Second, this is a low stakes project for Blizzard devs to work with integrating with another company's service. At least one where the end user triggers the external service during gameplay. In many ways, the computer world is moving towards integration of services from many different companies, or even within the same company.

While not complex, there are always small things that go wrong with these things. You have to account for the other company behaving weirdly, or changing the rules on you. Developing best practices in a simple project like this can help with future projects. For example, Twitch.tv integration in future games.

I think that those two reasons--especially the marketing one--are good enough to make this project worthwhile.


  1. I agree with your analysis (including the fact that I'll never use it as well :)). The idea of making it completely manual is very very good, since, as you say, it will prevent the facebook-spam typical of mobile games.

    I must admit that I never understood what twitter is good for, I have a couple of accounts which sit completely unused, maybe I should convert one to WoW-spamming :)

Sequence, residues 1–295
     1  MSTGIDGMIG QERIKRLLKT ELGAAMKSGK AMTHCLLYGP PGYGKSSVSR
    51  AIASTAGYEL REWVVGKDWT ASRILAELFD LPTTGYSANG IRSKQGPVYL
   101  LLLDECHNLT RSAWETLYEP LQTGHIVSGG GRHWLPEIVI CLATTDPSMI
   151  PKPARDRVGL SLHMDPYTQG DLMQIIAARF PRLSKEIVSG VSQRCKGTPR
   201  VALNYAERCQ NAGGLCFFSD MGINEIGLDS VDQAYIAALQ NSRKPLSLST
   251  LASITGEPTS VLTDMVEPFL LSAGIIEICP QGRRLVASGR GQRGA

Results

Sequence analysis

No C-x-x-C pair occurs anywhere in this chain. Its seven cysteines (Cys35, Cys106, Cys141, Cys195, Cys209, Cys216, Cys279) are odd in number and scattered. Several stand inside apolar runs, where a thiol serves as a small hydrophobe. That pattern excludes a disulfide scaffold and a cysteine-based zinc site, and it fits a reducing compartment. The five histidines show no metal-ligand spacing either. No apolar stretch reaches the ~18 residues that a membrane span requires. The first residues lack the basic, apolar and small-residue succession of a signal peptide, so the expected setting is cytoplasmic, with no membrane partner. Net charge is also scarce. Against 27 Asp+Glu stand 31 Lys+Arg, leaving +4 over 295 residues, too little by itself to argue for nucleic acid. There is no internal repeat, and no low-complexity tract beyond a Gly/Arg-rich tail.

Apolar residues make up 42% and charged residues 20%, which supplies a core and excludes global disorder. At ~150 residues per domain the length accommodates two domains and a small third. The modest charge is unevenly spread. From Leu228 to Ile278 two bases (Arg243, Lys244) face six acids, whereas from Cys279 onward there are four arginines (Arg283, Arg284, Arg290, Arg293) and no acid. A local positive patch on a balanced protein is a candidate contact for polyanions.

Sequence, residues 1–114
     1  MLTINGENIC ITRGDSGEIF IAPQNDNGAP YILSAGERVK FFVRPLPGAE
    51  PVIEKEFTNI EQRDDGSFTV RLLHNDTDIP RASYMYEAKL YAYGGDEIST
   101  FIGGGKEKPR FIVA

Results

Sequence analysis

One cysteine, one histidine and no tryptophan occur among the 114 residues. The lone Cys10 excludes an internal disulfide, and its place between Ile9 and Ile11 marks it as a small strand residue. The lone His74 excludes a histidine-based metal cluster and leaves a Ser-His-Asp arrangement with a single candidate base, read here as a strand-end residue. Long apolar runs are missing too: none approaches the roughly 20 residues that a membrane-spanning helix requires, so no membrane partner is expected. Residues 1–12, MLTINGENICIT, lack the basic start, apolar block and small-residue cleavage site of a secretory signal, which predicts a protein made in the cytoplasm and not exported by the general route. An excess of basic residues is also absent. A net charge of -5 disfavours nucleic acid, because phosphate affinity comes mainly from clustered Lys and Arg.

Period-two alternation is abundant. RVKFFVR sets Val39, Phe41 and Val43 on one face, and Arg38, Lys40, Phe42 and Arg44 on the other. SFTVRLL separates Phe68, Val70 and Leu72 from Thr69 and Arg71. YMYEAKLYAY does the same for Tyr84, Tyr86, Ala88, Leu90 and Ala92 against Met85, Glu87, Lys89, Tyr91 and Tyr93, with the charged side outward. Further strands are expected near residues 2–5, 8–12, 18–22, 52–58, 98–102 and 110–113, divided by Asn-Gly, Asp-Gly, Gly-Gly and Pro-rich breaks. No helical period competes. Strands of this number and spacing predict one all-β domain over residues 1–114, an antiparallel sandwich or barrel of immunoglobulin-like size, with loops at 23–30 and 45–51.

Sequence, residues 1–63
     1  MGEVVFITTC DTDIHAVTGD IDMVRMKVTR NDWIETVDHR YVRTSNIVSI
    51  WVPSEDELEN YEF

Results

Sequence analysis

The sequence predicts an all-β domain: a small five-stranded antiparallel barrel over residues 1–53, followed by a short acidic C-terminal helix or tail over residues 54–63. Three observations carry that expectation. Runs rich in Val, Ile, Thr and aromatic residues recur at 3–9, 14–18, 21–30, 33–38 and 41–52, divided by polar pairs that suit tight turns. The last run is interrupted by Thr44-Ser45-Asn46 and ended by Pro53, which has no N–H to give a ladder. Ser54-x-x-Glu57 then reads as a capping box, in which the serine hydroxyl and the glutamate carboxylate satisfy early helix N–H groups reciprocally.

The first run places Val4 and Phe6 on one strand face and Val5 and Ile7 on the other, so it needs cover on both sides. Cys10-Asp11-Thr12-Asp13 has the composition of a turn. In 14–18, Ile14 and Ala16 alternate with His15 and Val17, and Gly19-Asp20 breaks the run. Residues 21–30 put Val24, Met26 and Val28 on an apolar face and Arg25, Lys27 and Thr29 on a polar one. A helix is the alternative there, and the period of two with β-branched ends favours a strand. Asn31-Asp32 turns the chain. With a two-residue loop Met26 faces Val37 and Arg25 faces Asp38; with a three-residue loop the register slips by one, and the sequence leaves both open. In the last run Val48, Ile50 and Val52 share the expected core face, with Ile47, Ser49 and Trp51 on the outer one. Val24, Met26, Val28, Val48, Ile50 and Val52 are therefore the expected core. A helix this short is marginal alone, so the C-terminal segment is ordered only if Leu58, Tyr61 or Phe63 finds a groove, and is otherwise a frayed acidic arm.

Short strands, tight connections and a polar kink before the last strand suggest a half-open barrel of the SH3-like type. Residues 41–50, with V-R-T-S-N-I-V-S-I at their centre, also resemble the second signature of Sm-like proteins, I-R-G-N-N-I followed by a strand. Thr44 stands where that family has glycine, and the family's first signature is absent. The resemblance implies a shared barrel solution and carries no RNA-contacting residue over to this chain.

2. The "This is EVE" trailer works though because its a highly filtered version of player reactions. The high points in EVE are the highest in the genre, which makes a video of reactions to some of those high points interesting and worthwhile, but imagine if "This is EVE" was also a bunch of bonus room recordings, or station games, or any number of 'less than ideal' situations.

    Not that I think this will be a big deal ultimately either way, but don't you think allowing instant 'this just happened in WoW' feeds to twitter will likely result in more bonus room-like examples than what we saw in "This is EVE"?